Tuesday, August 15, 2006


Today we'll discuss dirty laundry and what to do about it.

The Scottish clothes dryer is not a white box resembling a washing machine without all the knobs. Houses here are generally too small to accommodate a mechanical dryer, and operating one is expensive. In most cases the dryer is a plastic coated line that you string between a couple of trees. If you're cooped up in one of the four story Aberdeen row houses, you use your upstairs balcony or dangle the line from your windows. Everyone sees your laundry, dirty or otherwise. You'd think that you can't dry wet clothes outside, as water drips constantly from the sky. But folk gather their pile of dirty laundry for washing day, that morning when they spot a patch of blue in the gray skies, and decide whether they'll get a few hours of sunlight, or at least cloudy weather with a good breeze and none of the dripping stuff.

Just as in the States you stuff the washing machine. Though washing machines look like the boxes with knobs we have in the States, their resemblance ends there. The number of dials and knobs with cryptic labels send you quickly to the instruction manual. After half an hour with the manual and not much wiser, you hit a few knobs at random -- and water comes into the machine. The engine revves up. Or so it seems. The machine stops and starts and waits. That's its normal cycle, and it goes on for a couple of hours at least with the stop and start thing to convince you that something is wrong and you need to pull the plug on the monster. Except that the door is locked. The machine has got you my friend and will decide when and whether you get your clothes. You're about to hit it when it does stop, and lets you open it.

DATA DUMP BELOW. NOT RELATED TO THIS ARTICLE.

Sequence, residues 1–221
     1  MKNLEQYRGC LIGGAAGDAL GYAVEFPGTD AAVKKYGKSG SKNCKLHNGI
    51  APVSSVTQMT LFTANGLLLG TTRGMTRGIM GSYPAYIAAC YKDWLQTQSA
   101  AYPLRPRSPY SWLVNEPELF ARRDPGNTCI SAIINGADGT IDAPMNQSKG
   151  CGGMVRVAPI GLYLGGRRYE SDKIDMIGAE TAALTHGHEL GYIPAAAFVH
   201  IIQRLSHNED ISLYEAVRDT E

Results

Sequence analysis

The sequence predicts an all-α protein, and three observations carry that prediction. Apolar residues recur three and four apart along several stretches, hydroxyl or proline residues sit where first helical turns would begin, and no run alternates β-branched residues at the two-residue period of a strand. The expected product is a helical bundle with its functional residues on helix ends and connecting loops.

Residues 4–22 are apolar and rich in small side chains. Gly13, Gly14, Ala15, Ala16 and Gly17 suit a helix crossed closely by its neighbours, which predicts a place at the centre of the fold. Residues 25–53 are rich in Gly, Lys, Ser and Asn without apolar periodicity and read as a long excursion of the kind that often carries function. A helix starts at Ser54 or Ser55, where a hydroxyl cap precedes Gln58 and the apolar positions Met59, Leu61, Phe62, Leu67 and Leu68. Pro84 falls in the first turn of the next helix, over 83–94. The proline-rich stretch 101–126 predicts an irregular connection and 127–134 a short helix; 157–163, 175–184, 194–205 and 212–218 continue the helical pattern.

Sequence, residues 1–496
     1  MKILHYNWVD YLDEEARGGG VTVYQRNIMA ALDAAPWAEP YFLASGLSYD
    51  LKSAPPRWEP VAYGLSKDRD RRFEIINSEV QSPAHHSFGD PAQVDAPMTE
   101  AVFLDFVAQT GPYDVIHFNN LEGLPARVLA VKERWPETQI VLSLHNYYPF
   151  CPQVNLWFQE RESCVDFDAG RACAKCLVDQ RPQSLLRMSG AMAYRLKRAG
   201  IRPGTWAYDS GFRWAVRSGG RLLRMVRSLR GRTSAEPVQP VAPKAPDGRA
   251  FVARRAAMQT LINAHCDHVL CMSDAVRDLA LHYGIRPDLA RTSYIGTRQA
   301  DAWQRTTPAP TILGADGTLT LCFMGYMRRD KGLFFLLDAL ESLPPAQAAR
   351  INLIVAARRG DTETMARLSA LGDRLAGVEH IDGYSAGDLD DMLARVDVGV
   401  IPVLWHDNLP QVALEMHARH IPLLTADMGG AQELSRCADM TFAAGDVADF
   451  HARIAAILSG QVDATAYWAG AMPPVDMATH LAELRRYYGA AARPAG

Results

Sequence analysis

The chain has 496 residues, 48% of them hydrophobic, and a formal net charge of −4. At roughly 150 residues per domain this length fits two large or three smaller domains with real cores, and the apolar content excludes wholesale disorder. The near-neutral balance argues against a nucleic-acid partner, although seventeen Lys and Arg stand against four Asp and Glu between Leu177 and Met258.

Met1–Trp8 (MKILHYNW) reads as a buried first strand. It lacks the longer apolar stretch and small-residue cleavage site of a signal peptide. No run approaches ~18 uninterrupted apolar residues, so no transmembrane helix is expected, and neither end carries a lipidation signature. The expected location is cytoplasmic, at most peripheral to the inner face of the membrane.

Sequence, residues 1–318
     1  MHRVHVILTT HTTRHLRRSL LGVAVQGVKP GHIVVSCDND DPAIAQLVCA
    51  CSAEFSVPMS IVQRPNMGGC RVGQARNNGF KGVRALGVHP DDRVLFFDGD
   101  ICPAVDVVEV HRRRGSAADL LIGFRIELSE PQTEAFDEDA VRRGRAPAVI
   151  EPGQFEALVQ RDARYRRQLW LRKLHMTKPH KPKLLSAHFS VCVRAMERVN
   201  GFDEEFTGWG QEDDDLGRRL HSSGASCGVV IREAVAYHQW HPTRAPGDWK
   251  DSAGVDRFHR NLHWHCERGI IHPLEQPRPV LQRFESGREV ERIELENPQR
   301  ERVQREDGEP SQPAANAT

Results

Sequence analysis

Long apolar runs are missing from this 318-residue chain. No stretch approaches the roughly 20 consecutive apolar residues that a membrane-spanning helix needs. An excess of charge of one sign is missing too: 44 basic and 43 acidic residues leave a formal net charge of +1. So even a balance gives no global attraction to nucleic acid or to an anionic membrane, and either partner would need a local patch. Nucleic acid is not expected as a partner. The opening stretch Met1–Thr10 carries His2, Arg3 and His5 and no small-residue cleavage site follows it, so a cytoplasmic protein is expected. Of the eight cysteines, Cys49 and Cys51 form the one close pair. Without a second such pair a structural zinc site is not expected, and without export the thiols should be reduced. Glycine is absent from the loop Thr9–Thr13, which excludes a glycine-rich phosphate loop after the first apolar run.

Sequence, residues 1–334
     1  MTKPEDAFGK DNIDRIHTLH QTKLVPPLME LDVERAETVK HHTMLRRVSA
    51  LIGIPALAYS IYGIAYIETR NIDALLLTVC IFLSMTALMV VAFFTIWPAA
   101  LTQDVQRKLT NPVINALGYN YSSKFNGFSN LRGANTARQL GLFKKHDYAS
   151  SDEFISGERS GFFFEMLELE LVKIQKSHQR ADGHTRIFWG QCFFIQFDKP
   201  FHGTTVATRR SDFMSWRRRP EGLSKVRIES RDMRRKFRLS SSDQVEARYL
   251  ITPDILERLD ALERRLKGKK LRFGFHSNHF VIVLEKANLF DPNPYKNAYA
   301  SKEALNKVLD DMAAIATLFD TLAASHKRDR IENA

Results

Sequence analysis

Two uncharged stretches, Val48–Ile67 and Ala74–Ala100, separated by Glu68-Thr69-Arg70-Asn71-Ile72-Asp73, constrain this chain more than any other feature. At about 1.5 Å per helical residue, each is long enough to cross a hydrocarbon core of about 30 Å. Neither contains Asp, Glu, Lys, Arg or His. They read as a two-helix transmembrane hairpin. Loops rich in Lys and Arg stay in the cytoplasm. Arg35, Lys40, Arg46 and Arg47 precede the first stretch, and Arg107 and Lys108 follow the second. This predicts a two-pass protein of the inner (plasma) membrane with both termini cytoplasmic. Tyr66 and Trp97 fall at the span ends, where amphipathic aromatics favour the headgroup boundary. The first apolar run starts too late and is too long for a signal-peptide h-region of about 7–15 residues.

Amber did not want me to string our clothesline across our driveway. We don't want visitors to stare at our laundry and comment on our wardrobe's lack of stylishness. Or at the brand of underwear we use. So we settled for a drying room, a place every Scottish house has to use during days of endless rain that keep postponing washing day. It may be a disused closet, attic space or your bathroom -- just above your bathtub. Ours is the upstairs boiler room (BTW boiler = water heater in the US), larger than a closet with the boiler in one corner but enough space to string a couple of clothes lines. At the Aberdeen DIY hole in the wall I find the clothes line, wooden pegs, hooks and strong wall anchors. The line will have to support quite a weight. Before long I have two strands in place, after I had drilled a couple of ¾ inch holes in the wrong place. Not very useful but they add extra character to the wall.

Our laundry may not come out as wrinkle free as tumble dried clothes, but it will smell fresher. Besides, we're Scottish and get a high every time we save some money. We need it to pay for the cheese Amber buys at I.J. Mellis (our local Whole Foods).

I can hardly wait to experience laundry day .
Post a Comment

<< Home

This page is powered by Blogger. Isn't yours?